A child develops most in the first years of life, so it is very important to offer him as many different incentives as possible to challenge mental processes. Play represents the major part of childhood and is at the same time the primary and free activity of the child. Play, of course, includes toys, which we know many, and it depends on us whether we offer a structured or unstructured toy to the child. If we decide on a structured toy, the child has less possibility to use the imagination, while with unstructured materials, we enable creativity and pose mental challenges.
Active learning includes the key learning strategies in the pre-school period; the environment (kindergarten) determines whether the child is feeling well and has enough resources for learning and exploring, and, whether it stimulates the child's interest in various activities. In a stimulating learning environment the child also has the support of an adult, who offers him positive interactions and helps him in becoming independent.
In the empirical part, the course of the entire project is presented, in which I created a stimulating learning environment through unstructured material - wool. The main features of creating an incentive learning environment are accurate observation, interaction with the children, identification of their interests and abilities as well as providing the appropriate incentives.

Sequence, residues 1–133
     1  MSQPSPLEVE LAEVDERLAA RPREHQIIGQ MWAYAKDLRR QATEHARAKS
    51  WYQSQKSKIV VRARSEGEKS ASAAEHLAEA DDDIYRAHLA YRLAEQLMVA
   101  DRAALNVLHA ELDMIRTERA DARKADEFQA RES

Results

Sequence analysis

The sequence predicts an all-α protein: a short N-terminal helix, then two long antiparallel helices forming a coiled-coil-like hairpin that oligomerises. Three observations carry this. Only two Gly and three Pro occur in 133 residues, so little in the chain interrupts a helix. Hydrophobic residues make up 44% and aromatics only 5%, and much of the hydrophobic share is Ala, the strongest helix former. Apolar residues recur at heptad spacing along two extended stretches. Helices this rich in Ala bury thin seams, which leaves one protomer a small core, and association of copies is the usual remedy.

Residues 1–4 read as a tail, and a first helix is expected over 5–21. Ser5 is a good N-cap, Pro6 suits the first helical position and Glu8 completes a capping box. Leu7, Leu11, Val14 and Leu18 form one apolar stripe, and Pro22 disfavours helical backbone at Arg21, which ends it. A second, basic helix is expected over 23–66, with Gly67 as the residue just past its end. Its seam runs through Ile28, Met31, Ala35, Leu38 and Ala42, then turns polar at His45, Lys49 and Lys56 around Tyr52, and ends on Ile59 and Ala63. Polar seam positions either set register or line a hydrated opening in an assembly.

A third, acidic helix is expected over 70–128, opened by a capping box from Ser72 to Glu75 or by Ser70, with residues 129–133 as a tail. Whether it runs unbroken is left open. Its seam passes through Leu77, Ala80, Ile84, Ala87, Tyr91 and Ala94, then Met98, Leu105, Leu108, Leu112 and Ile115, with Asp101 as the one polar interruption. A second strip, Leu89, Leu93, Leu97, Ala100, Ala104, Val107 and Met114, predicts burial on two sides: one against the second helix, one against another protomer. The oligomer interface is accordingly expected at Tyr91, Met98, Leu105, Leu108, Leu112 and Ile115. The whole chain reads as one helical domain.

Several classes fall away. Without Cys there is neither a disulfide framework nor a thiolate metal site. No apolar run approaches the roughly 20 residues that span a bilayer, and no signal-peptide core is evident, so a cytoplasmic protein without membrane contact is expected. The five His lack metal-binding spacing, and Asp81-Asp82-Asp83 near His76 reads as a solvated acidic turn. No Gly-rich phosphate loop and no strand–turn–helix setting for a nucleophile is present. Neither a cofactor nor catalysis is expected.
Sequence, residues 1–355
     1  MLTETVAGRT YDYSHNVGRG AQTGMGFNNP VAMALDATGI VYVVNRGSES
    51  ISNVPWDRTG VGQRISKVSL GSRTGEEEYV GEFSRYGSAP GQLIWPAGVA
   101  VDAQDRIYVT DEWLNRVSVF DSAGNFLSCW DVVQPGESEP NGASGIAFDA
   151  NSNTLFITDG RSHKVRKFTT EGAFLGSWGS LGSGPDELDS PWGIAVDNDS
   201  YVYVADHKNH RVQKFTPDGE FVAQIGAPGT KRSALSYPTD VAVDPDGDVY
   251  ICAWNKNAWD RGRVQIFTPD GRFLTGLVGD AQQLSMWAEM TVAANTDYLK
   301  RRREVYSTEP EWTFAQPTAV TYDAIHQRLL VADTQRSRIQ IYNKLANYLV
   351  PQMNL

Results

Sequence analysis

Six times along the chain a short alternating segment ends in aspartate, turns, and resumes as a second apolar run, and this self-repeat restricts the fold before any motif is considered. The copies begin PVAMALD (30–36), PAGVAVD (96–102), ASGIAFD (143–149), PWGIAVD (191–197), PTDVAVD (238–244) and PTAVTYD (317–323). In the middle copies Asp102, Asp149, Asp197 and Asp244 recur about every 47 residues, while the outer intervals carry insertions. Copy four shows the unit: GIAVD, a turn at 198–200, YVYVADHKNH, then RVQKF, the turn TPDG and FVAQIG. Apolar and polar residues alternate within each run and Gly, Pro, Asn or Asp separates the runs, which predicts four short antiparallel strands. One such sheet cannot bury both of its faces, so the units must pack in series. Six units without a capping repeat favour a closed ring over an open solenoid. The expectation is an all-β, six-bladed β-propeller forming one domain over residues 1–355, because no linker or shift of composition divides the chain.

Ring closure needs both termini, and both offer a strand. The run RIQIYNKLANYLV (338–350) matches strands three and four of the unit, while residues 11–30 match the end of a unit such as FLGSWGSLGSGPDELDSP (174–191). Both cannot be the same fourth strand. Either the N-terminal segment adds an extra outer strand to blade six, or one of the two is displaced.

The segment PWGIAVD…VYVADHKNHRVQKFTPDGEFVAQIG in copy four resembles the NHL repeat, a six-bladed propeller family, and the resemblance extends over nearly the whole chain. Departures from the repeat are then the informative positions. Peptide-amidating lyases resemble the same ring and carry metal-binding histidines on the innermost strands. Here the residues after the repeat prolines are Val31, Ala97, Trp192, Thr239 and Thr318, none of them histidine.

The children actively participated in the prepared activities, which I adjusted, supplemented and upgraded with natural materials on the basis of my observations and evaluations. I presented my expectations, the children's responses, solving mental challenges, the possibilities of improvement and the realization of the set goals. On the basis of the evaluations I found: that active learning, which is at the same time also stimulating, is the starting point for the development of each individuals' potential; that every nursery or kindrgarten teacher must be aware of the importance of his/her professional development; that the children are able to solve the problems related to the activities themselves if they are interested in them; the role of the kindergarten teacher is to use these interests on the basis of observation for the benefit of children.